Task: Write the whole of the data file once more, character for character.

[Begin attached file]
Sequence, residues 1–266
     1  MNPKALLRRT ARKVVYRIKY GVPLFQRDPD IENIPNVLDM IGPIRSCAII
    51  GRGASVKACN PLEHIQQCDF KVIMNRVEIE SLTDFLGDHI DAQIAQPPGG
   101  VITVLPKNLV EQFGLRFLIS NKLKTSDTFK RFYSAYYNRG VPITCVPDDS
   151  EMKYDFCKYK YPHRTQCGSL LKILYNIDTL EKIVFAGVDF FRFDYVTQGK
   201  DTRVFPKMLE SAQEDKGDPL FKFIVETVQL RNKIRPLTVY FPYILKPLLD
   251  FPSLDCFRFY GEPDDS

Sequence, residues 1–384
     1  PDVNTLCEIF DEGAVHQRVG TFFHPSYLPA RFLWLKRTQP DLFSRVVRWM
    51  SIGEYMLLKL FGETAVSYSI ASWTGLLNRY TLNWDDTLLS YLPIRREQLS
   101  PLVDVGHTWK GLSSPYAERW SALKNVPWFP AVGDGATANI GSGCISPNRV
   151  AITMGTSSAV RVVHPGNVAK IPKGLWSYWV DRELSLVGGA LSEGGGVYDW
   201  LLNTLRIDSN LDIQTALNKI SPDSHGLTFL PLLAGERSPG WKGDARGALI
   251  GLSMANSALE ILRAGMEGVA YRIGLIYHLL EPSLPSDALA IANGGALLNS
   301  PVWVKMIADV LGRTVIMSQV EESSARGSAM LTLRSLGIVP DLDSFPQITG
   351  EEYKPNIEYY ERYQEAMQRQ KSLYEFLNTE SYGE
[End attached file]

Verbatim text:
Sequence, residues 1–266
     1  MNPKALLRRT ARKVVYRIKY GVPLFQRDPD IENIPNVLDM IGPIRSCAII
    51  GRGASVKACN PLEHIQQCDF KVIMNRVEIE SLTDFLGDHI DAQIAQPPGG
   101  VITVLPKNLV EQFGLRFLIS NKLKTSDTFK RFYSAYYNRG VPITCVPDDS
   151  EMKYDFCKYK YPHRTQCGSL LKILYNIDTL EKIVFAGVDF FRFDYVTQGK
   201  DTRVFPKMLE SAQEDKGDPL FKFIVETVQL RNKIRPLTVY FPYILKPLLD
   251  FPSLDCFRFY GEPDDS

Sequence, residues 1–384
     1  PDVNTLCEIF DEGAVHQRVG TFFHPSYLPA RFLWLKRTQP DLFSRVVRWM
    51  SIGEYMLLKL FGETAVSYSI ASWTGLLNRY TLNWDDTLLS YLPIRREQLS
   101  PLVDVGHTWK GLSSPYAERW SALKNVPWFP AVGDGATANI GSGCISPNRV
   151  AITMGTSSAV RVVHPGNVAK IPKGLWSYWV DRELSLVGGA LSEGGGVYDW
   201  LLNTLRIDSN LDIQTALNKI SPDSHGLTFL PLLAGERSPG WKGDARGALI
   251  GLSMANSALE ILRAGMEGVA YRIGLIYHLL EPSLPSDALA IANGGALLNS
   301  PVWVKMIADV LGRTVIMSQV EESSARGSAM LTLRSLGIVP DLDSFPQITG
   351  EEYKPNIEYY ERYQEAMQRQ KSLYEFLNTE SYGE